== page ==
Coronavirus Guide for Cancer Patients

Making Treatment Decisions During COVID-19


26% of the U.S. Population Has Gotten 1 Covid Shot - Are Major Cancer Centers Easing Restrictions?

Laura Gesualdi-Gilmore

Which Vaccine is Best For Cancer Patients? 'The First One Available to You' Say Leading Experts

Marisa Sullivan

A Warning to Women About Mammograms After COVID-19 Vaccination

Stephanie Watson

Can You Get Chemotherapy for Cancer at Home? The New Push During COVID-19

Sonya Collins

5 COVID-19 Vaccine Questions Answered by Expert Physician

Noorulain Khawaja

Am I Immune After The First COVID-19 Vaccine Shot? No, It Can Take Weeks

Dr. James Taylor

Stressed Out By Ovarian Cancer and COVID-19? Here’s How to Cope

Lindsay Grisanti
Vanderbilt-Ingram Cancer Center

Will COVID-19 Actually Lead To More Skin Cancers? Experts Suspect That More Time Inside Increases Risk

Shelby Black

New Research Shows People With Cancer More Likely to Die of COVID-19 - Breaking Down the Data

New Disease Appearing in Children Amid COVID-19 - What to Know About Multisystem Inflammatory Syndrome

Make-A-Wish Foundation Forced To Put 5,000 Wishes On Hold Due To COVID-19

Cancer Clinical Trials Suspended Across The Globe Amid COVID-19 -- Practical Guidance For Patients Seeking Enrollment

Mammograms Down 90% at Massachusetts General Hospital - Practical Guidance for Women Who Need Screening During COVID-19

Too Many Cancer Patients Ignoring Life-Threatening Symptoms, Says NYU Oncologist - 'Just Call Us'

Cancer Screenings Have Dropped Nearly 70% Amid The Coronavirus Pandemic - Delays In Routine Checkups Disrupt Early Detection

Innovative New Drug Approved For Multiple Myeloma Is Being Tested For COVID-19 Treatment


Due to COVID-19, Surgery is Being Postponed for Suspected, but Unconfirmed Ovarian Cancer

To Stop COVID-19 From Killing So Many African-Americans - Address Poverty, Smoking & Obesity, Leading Expert Says

From the Coronavirus Epicenter: My Patients Are Doing Remarkably, Says Leading Lung Cancer Surgeon

What Do People With Lung Cancer Need to Know About COVID-19?

Cancer Centers Adapting, Patients Receiving Treatment - The Latest Reporting Every Cancer Patient Should Read

Cancer Patients & COVID-19 — When to Stay Home & Call and When to Go in to Your Doctor

Emergency Room Doctor: How We Treat Cancer Patients With Coronavirus Symptoms


What Are Of The Risks Of Having Prostate Cancer Surgery During The Coronavirus?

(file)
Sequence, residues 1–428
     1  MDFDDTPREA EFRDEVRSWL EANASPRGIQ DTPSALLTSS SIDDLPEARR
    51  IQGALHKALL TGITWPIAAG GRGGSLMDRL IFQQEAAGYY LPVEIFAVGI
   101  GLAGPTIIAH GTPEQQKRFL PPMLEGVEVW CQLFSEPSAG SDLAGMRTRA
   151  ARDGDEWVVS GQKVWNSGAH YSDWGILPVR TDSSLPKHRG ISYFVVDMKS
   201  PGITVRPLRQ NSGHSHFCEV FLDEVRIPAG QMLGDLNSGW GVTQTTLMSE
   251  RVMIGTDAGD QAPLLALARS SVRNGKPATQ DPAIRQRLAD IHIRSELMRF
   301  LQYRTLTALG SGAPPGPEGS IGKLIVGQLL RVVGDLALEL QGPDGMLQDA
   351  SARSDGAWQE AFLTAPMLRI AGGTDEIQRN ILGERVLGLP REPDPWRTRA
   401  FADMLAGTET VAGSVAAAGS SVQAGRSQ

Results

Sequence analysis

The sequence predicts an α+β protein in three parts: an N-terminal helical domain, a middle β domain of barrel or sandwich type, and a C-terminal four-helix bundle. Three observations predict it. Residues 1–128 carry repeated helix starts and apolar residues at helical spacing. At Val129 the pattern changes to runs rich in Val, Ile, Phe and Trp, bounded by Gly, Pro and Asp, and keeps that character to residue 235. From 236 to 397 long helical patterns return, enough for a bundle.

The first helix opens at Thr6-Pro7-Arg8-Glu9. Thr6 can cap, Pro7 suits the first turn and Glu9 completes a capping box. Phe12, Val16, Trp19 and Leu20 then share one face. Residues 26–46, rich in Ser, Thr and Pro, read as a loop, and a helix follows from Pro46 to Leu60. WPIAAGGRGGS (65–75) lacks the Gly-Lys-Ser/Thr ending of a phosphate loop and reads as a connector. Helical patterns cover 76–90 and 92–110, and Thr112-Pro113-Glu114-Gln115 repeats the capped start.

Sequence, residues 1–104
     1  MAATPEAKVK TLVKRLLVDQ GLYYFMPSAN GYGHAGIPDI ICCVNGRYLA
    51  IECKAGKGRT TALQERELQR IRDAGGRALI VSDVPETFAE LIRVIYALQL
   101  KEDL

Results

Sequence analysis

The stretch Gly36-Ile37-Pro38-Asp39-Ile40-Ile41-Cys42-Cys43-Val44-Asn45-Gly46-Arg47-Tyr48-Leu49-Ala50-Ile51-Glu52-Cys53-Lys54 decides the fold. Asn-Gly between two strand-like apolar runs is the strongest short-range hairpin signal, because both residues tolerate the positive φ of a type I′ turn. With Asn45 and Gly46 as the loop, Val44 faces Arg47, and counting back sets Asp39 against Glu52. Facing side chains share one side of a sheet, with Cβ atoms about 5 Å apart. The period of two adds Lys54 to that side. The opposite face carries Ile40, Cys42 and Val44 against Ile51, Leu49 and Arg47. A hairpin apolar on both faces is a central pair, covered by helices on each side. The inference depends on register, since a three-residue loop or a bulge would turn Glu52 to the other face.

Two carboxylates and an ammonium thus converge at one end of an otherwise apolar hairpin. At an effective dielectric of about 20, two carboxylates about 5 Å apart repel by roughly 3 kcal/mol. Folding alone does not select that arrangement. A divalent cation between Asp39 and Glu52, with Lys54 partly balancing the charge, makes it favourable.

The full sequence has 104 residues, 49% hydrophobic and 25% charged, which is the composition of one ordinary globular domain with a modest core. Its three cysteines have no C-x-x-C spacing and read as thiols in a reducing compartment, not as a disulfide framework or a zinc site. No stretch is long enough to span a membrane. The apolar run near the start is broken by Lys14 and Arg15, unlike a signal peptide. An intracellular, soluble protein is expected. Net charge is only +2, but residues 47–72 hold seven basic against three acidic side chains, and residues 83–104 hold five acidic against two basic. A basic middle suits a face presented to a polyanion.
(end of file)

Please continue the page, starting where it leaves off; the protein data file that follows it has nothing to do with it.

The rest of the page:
Coronavirus and Cancer Survivors: How Long Are You Extra-Vulnerable After Treatment Ends?

Cancer Centers Share the Steps They're Taking to Keep Patients with Compromised Immune Systems Safe from the Coronavirus

Later Stage

What Lung Cancer Patients Should Know About Immunotherapy During Coronavirus

'A Ventilator is Not a Fitbit': The Terrible Reality of a Mechanical Breathing Tube

Making Treatment Decisions During COVID-19

Additional Resources

As the coronavirus spreads in the United States, doctors have been clear that the risks associated with the virus are most severe for adults over 60 and people with underlying conditions or the immunocompromised, which includes patients with cancer. The Centers for Disease Control (CDC) has provided a summary of the COVID-19 situation thus far.

Taking Precautions

The Centers for Disease Control and Prevention (CDC) has provided a number of precautions that people at risk for serious illness from COVID-19 can take, including:

  • Stay home as much as possible
  • Pay attention for potential COVID-19 symptoms including, fever, cough, and shortness of breath. If you feel like you are developing symptoms, call your doctor.
  • If you develop emergency warning signs for COVID-19 get medical attention immediately. In adults, emergency warning signs include:
    • Difficulty breathing or shortness of breath
    • Persistent pain or pressure in the chest
    • New confusion or inability to arouse
    • Bluish lips or face
  • Clean your hands often — wash with soap and water for at least 20 seconds, especially after blowing your nose, coughing, or sneezing, or having been in a public place.
  • If soap and water are not available, use a hand sanitizer that contains at least 60% alcohol.
  • To the extent possible, avoid touching high-touch surfaces in public places — elevator buttons, door handles, handrails, handshaking with people, etc. Use a tissue or your sleeve to cover your hand or finger if you must touch something.
  • Avoid touching your face, nose, eyes, etc.
  • Clean and disinfect your home to remove germs: practice routine cleaning of frequently touched surfaces (tables, doorknobs, light switches, handles, desks, toilets, faucets, sinks & cell phones).
  • Avoid crowds, especially in poorly ventilated spaces. Your risk of exposure to respiratory viruses like COVID-19 may increase in crowded, closed-in settings with little air circulation if there are people in the crowd who are sick.
  • Avoid all non-essential travel including plane trips, and especially avoid embarking on cruise ships.

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